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Food Talk with Mike Colameco is brought to you by the following generous underwriters:



This week on Food Talk, Mike has a full house. His first guest, Ellen Gustafson is a food activist and author of the new book, We the Eaters. Mike talks to Ellen about the politics behind why it is difficult to find and eat nutritious food. The two go back and forth regarding possible solutions to the problem, starting with a single item on your dinner plate. Next up, Mike brings in Patrick Martins, Founder and Chairman of Heritage Radio Network as well as the host of The Main Course, to talk about his new book The Carnivore's Manifesto: Eating Well, Eating Responsibly, and Eating Meat. In the book, Patrick highlights fifty ways to be an enlightened carnivore, while taking better care of our planet and ourselves. For the remainder of the program, Mike welcomes Anna Polonsky, US Director of Le Fooding, to share details on the Le Fooding events happening in NYC this summer, including their Beach Club party going down at Rockaway Beach July 11, 12, and 13. Tune in for a packed program!

"We have this dual problem both related to how we nourish ourselves... American eaters have incredible power in the food system. We have dictated what the world eats. Our diet has spread around the world." [7:34]

--Ellen Gustafson on Food Talk

"Should we be eating less meat? Yes, probably. We should be eating less commodity meats." [40:03]

--Patrick Martins on Food Talk

"Le Fooding, in the meantime, never wanted to put stars or grades, because our interests are more about telling stories." [56:41]

--Anna Polonsky on Food Talk


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Tasteofthepast
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This week on A Taste of the Past, Linda welcomes Cindy Lobel to the program. Cindy is an assistant professor of history at Lehman College, a cultural historian with interests in urban development and consumer culture as well as the history of New York. Today she and Linda discuss her book, Urban Appetites: Food and Culture in Nineteenth-Century New York. Was New York City the first in the country to have a restaurant? What was the first restaurant to open in New York City? Surprisingly, it seems as though present day New York food scene is not so different than it was in the 1800s. Tune in as Cindy takes us through the beginnings of restaurants in New York City and how the now flourishing industry evolved through the years. This program has been sponsored by Cain Vineyard and Winery.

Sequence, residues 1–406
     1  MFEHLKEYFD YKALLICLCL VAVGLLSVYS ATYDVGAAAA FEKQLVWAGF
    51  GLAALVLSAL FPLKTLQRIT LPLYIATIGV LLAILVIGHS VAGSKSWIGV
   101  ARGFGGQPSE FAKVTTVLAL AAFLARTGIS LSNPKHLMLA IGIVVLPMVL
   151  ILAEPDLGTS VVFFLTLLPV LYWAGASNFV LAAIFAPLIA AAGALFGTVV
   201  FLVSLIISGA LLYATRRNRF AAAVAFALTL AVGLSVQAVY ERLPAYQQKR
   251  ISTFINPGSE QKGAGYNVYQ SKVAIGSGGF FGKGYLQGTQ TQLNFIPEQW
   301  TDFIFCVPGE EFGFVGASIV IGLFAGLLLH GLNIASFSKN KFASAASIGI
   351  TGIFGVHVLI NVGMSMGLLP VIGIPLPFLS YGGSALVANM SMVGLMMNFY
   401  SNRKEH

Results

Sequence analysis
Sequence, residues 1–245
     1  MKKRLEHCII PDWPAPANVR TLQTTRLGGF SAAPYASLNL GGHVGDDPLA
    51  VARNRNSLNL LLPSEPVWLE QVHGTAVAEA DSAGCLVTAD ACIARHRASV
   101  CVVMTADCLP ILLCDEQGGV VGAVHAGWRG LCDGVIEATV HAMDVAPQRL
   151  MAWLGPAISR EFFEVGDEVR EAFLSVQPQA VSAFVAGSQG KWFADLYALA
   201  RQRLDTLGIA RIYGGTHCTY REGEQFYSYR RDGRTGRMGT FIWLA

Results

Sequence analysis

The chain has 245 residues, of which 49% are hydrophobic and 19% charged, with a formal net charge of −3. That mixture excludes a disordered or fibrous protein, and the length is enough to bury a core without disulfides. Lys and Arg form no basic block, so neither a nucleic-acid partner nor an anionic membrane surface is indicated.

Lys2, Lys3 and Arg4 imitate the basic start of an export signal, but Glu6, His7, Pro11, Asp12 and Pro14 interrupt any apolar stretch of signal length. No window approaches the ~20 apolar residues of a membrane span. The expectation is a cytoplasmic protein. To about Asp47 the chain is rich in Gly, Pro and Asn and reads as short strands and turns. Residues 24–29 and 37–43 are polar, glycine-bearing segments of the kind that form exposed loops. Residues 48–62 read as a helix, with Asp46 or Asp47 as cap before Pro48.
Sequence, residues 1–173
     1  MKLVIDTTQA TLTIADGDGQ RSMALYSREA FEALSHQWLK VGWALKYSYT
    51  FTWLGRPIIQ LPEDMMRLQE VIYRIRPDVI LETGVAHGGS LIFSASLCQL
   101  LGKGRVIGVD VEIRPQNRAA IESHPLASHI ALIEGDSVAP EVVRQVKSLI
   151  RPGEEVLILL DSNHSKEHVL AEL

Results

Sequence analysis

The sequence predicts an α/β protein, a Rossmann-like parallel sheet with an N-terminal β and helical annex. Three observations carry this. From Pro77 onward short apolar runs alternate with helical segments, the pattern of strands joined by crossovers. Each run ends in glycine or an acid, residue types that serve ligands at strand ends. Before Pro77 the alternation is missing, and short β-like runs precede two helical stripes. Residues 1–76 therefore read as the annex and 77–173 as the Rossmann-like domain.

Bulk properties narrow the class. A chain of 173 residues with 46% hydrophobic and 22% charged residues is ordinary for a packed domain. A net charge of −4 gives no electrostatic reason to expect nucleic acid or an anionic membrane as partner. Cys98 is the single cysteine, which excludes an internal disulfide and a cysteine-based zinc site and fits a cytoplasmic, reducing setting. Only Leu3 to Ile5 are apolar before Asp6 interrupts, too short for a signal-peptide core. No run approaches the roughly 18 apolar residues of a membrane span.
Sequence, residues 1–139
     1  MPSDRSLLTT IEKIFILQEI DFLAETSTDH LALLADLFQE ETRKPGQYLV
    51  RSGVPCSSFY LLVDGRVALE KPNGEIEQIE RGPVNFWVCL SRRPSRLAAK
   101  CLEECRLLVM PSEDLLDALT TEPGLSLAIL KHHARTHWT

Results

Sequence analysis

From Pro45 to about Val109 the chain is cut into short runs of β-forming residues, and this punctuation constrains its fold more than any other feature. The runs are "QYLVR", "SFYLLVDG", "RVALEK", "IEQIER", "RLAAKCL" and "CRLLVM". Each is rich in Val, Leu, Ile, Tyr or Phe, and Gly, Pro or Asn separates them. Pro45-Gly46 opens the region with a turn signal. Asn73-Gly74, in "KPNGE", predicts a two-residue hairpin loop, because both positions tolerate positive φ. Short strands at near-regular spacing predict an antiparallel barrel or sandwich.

"People think that New York was born with the Zagat Guide, and that of course is not the case... free standing restaurants have a history in New York." [5:40]

"The rise of restaurants is really tied to the growth of the city." [8:10]

-- Cindy Lobel on A Taste of the Past


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This week on The Morning After, Host Jessie Kiefer welcomes back Co-Host Sari Kamin after her European excursion! Erin Sylvester also joins the program for a special ode to a beloved restaurant. In the first half of the show, the duo bring on Katrina Moore, director of the documentary, Under the Mango Tree: Food, Health, and Love in Ghana. What started out as a school trip to Ghana, Katrina became inspired by a Ghanian doctor, Dr. Abdulai, struggling to care for his community against all odds. She then decided to turn the experience into a meaningful way to fulfill her Master's thesis in New York University's Food Studies program. After creating an IndieGogo account to raise necessary funds, the project has started to garner support from around the world. Check out the link here to contribute. Later, Sari shares all about her adventures eating around Europe! Tune in for a packed show. This program was brought to you by Whole Foods Market.

"The doctor [Dr. Abdulai] saw that the homeless tended to behave very wildly in the streets. They would steal food from the women in the markets...they would be very violent...so the doctor would see that and named it as hunger because he knew hunger. He grew up hungry on the streets of Tamale himself." [18:06]

"The title Under the Mango Tree comes from the doctor's first surgery at the clinic location... The first surgery performed before there were any buildings was performed under this huge mango tree that now provides food and shade and beauty to the clinic grounds." [22:31]

-- Katrina Moore on The Morning After


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